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Steve Smith in his 2014 Mustang convertible/Contributed

Saying Goodbye to “Youth”

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Saying Goodbye to “Youth”

By Steven A. Smith

I love my children and grandchildren.

I love my brothers.

I absolutely adore my wife.

But it is also fair to say I “love” my car. It is a 2014 Mustang convertible, black with a tan top. It is not the GT model with the rocket-ship engine – Carla would not countenance that. But with its six-speed manual it is still faster than a bat out of hell, and plenty fast enough to get me in trouble with the Washington State Patrol from time to time.

I can’t run anymore. Even walking can be a bit of a struggle. But on a warm, sunny, summer day, with the top down and an open road in front of me, it makes for an exhilarating drive. I feel young again, sort of.

Nevertheless, it is time to say goodbye.

I have always enjoyed fast cars. Between my first and second marriages, I had a silver-and-blue supercharged Fiat Spider convertible. Single when I bought it, the Spider attracted all the wrong kind of women, which was the point. But after re-marrying and on the birth of our first child, I let it go. Still, cars suitable for respectable, married men did not sit well.

Smith in his 1981 Fiat/Contributed

I had a turbo-charged Toyota Celica for a time. And then a black, with gray-leather interior, Oldsmobile Rocket 88. I never had or ever will have a faster car.

But I always wanted a Mustang.

In high school, my best friend managed to buy a new 1966 Mustang, a red hardtop that was the hottest car in the student lot. At the time, I was driving my first car, a 1956 Pontiac station wagon, sickly orange with purple splotches marking bad body work. It had cost me $100.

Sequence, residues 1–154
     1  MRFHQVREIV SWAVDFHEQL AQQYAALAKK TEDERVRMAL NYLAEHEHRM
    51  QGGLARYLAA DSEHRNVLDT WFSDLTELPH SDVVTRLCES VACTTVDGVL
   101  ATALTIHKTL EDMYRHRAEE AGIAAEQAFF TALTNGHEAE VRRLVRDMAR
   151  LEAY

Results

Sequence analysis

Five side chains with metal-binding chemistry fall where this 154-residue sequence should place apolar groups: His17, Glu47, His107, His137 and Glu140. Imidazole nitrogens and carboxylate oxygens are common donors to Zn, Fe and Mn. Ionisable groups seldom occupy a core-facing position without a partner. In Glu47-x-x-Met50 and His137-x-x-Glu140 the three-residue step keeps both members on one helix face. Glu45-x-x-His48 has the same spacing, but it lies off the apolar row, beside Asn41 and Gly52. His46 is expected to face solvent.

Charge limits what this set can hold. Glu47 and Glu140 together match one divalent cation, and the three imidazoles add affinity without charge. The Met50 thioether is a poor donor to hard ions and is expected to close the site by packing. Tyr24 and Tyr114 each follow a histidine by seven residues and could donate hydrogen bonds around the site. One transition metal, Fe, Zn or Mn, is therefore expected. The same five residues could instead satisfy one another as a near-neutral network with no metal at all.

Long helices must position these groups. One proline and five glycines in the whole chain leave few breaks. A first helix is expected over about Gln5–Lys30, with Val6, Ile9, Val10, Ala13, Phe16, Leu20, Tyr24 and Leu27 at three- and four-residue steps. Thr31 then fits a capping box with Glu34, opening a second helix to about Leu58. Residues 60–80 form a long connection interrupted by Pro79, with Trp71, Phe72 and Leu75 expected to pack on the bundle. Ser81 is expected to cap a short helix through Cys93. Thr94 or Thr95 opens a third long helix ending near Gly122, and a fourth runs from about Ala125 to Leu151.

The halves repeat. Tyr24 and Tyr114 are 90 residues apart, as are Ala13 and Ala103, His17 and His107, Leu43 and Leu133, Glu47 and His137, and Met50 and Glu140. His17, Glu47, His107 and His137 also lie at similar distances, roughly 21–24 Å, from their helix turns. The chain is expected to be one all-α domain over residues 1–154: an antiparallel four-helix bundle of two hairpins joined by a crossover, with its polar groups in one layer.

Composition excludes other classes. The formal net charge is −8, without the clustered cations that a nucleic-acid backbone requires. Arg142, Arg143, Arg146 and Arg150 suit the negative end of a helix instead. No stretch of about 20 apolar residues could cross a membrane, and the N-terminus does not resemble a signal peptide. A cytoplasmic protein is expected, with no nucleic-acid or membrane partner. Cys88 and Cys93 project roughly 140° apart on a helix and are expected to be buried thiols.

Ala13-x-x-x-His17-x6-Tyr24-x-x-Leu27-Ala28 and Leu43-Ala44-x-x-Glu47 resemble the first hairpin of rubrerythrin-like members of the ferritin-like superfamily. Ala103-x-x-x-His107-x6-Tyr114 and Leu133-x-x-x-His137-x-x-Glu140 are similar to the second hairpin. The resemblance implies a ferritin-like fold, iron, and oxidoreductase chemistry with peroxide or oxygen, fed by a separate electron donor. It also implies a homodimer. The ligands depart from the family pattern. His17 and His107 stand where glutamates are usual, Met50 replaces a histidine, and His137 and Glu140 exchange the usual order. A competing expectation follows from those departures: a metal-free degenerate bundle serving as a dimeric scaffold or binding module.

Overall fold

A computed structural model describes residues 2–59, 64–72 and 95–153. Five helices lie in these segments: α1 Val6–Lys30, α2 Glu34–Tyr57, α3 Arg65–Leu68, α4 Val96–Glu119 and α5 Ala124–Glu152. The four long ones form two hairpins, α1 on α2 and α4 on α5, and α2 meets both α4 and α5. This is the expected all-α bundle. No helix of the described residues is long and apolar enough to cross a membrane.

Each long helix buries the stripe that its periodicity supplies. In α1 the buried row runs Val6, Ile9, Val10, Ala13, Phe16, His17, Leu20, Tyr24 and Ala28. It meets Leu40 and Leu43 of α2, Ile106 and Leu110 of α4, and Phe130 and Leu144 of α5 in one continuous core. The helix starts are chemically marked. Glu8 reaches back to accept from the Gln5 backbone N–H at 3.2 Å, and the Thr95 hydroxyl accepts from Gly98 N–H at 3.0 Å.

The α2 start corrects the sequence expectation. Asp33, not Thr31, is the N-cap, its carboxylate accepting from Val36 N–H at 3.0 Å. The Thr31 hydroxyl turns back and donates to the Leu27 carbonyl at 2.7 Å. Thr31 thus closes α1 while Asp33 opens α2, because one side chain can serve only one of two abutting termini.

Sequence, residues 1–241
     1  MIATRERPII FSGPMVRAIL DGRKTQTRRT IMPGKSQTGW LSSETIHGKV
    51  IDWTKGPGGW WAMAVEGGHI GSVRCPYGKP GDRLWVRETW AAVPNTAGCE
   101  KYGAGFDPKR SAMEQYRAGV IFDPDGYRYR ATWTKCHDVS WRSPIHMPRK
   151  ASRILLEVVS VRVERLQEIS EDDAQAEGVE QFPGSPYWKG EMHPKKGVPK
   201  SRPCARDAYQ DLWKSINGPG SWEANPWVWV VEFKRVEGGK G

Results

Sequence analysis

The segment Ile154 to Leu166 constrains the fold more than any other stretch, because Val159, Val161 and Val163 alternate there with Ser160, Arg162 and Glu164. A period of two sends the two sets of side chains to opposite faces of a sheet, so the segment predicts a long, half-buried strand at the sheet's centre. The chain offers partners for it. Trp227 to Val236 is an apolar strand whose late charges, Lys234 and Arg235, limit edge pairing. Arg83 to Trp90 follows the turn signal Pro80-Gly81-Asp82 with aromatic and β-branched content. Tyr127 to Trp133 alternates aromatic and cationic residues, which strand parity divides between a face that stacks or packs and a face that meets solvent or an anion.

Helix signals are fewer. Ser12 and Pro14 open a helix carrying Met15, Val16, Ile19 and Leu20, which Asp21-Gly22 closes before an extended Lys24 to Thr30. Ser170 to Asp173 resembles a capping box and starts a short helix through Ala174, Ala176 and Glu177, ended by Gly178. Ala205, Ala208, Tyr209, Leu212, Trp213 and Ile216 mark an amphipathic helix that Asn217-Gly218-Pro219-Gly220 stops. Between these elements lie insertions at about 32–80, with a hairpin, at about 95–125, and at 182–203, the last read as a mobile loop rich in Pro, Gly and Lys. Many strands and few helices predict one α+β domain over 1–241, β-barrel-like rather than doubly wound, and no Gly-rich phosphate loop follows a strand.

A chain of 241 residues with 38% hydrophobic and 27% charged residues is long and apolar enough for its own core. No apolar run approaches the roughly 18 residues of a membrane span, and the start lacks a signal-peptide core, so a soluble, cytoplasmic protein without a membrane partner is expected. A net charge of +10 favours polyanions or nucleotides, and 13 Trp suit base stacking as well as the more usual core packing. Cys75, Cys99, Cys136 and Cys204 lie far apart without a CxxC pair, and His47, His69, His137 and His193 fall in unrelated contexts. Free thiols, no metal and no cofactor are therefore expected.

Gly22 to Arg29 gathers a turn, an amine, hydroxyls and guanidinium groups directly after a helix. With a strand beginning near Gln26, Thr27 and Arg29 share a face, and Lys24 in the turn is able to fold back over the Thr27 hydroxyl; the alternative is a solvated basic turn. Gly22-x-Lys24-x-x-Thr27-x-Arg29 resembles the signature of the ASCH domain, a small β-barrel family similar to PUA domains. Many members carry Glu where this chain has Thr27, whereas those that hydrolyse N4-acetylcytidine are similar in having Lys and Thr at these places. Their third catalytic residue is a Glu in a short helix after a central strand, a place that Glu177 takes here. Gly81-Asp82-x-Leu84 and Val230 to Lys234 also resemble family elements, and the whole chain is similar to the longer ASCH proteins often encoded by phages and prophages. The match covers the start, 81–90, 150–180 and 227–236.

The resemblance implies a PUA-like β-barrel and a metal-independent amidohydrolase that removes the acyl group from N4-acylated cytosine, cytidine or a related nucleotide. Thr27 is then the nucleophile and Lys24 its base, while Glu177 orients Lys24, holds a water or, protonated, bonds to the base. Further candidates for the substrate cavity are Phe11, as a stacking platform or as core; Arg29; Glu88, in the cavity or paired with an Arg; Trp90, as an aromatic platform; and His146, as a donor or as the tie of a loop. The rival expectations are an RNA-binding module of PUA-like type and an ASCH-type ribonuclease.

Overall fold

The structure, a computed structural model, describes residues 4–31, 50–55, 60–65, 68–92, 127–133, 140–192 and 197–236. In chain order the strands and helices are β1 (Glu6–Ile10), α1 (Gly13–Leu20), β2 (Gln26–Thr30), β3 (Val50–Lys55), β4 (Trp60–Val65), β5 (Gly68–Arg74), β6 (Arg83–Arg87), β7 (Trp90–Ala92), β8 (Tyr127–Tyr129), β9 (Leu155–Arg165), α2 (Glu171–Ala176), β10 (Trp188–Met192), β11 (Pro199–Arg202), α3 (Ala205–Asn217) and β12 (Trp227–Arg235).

Needless to say, cruising Eugene’s “gut” in my friend’s Mustang played better with the girls than my old “cherry bomb.”

I promised myself I would get my own Mustang when finances and family responsibilities allowed.

My first Mustang convertible was a 2004 model, black on black. The current iteration is a 2014.

In those first Mustang years, I drove with a radar detector powerful enough to evade Baghdad air defenses. But then the Washington patrol moved to laser, and I was not prepared to mortgage the house for a detector capable of evading the cops.

Now I know what some of you are thinking. In this column I advocate for certain moral values, including honesty and respect for the rule of law. I can offer no excuses for my driving behavior. None. Except I enjoyed the challenge that came with the speed.

My most recent citation came in mid-October 2019. I was driving back to Spokane from Moscow, Idaho, on Highway 195. It was what promised to be the last top-down day of the season and I was enjoying the drive.

Just past the Rosalia exit, about 30 miles south of Spokane, I passed a slow-moving minivan. I hit 70 as I passed and just kept moving. The minivan driver must have noticed the “look-how-cool-you’re-not” sneer on my face as I sped by.